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Start a Community Seed Project

Across the country, people are reclaiming seed as a public resource for local food and gardening communities. We encourage you to start your own community seed project, and keep this amazing momentum growing. Our Community Seed Toolkit resources are free, adaptable, informative, and meant to be shared, just like seed. Whether you are a beginner seed saver or long-time organizer of seed projects, these downloads will help guide you through the steps needed to develop seed projects that fit your community.


In addition to the resources below, we have a limited supply of physical toolkits to grant to school, community and other educational gardens that incorporate seed saving practices. These kits include wood framed seed screens, seed envelopes, and labels. If you have a community seed project and are interested in receiving a free kit, please fill out this
brief application.

January 10, 2014:  We are temporarily halting applications for  physical toolkits. We will be continuing this program via a new nonprofit partnership that will expand the educational resources offered to community seed projects. We hope to have this relaunched in late spring of 2014.  You can still download the resources below.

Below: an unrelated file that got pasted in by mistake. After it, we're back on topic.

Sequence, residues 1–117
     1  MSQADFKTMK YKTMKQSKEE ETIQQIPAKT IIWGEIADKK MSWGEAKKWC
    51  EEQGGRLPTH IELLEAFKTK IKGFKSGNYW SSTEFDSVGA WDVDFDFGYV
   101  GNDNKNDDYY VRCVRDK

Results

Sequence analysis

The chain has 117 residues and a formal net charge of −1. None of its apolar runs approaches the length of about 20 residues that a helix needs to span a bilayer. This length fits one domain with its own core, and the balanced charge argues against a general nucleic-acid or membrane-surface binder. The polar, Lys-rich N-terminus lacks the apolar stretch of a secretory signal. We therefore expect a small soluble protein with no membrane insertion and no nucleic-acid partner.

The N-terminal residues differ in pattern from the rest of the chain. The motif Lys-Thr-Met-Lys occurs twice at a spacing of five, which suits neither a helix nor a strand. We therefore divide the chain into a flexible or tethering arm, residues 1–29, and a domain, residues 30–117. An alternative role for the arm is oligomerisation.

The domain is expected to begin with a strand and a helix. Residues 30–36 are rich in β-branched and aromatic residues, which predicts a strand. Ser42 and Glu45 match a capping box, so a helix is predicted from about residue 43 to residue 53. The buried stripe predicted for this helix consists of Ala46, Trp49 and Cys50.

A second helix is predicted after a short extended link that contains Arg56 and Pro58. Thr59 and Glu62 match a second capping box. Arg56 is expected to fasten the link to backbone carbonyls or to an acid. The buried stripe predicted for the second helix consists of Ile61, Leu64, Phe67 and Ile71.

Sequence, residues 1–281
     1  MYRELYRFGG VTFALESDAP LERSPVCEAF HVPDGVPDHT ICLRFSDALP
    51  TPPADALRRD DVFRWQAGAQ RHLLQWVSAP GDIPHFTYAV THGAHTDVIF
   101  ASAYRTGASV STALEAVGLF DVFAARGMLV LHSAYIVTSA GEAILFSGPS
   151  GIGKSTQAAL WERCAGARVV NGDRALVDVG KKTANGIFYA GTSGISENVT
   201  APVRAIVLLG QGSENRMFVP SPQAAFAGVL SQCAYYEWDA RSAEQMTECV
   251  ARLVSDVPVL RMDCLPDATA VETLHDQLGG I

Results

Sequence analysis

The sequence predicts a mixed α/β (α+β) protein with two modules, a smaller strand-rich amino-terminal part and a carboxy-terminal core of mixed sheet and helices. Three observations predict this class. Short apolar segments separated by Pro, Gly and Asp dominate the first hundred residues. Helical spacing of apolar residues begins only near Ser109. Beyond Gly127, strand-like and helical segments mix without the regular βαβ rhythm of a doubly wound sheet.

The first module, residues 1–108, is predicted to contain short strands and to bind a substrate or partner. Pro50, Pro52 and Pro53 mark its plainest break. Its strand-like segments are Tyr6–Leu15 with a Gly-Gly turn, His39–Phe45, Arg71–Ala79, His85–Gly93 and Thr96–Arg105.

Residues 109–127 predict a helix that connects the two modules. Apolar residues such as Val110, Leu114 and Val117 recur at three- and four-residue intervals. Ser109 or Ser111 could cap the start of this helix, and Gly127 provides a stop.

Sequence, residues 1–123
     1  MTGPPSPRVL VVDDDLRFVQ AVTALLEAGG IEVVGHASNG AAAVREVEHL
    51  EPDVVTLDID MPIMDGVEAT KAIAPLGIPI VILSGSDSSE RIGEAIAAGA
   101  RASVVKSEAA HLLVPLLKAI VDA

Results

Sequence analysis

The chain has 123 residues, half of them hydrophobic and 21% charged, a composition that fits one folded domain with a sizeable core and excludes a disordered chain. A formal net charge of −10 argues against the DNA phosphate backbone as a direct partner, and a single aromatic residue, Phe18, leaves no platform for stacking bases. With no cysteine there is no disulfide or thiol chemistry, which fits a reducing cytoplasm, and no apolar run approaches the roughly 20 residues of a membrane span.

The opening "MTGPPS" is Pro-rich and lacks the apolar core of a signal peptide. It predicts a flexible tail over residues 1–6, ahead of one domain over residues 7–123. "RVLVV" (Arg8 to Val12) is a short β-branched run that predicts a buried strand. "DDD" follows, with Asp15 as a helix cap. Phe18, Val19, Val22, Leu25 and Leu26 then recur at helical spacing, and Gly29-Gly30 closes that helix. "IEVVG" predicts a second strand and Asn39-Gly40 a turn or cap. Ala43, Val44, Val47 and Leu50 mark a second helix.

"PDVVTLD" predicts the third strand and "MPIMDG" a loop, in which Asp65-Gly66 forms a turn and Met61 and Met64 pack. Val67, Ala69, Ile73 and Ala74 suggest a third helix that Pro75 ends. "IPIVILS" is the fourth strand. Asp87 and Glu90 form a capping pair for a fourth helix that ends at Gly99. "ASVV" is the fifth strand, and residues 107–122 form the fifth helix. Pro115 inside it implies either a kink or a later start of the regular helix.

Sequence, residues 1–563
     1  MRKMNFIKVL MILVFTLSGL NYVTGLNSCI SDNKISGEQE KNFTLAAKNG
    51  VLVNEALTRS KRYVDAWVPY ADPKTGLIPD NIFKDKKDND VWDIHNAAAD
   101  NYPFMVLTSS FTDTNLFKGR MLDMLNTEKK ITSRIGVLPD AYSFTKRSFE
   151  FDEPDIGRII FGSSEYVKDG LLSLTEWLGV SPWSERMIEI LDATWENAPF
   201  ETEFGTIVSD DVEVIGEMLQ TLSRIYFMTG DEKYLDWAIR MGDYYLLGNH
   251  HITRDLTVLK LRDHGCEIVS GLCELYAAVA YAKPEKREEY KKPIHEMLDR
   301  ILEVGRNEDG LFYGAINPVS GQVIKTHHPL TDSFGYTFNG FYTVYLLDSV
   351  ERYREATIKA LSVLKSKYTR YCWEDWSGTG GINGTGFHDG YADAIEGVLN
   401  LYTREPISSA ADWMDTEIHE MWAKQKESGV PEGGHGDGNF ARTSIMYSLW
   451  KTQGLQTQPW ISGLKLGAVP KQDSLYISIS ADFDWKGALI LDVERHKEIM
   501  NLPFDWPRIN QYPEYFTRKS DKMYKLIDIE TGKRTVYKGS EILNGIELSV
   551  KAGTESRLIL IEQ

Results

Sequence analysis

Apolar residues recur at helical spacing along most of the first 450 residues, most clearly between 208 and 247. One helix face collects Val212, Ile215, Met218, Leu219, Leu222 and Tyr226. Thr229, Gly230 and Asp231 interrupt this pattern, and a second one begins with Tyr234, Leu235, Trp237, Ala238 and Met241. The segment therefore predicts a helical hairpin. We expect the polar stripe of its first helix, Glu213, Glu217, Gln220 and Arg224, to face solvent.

Six Tips for
Saving Seed

A simple one page guide to get started.

Seed Saving Chart

A handy reference of isolation distances, plant population sizes and other useful seed saving information for common garden vegetables.

How to
Organize a Seed Swap

The benefits of seed swaps are being rediscovered by a new generation of plant people. People are gathering to discover new diversity for their gardens and farms, sharing stories and knowledge along with the seed. Seed Swaps are a great way to gather gardeners interested in starting other community seed projects.

How to
Organize Community Seed Gardens

Seed saving can occur in any garden, but a community space dedicated to seed creates amazing opportunities beyond what any single seed saver can accomplish. A seed garden can supply seeds for local gardeners, seed swaps, and local seed banks – as well as serve as a site for seed saving trainings.

How to Organize
a Community Seed Bank

Local seed banks serve as headquarters for saving the diversity of seeds that make up the foundation of resilient local food systems. The help highlight the value of locally adapted seed; educate communities on gardening, seed saving, and breeding for local needs; and expand the diversity of people involved in seed stewardship.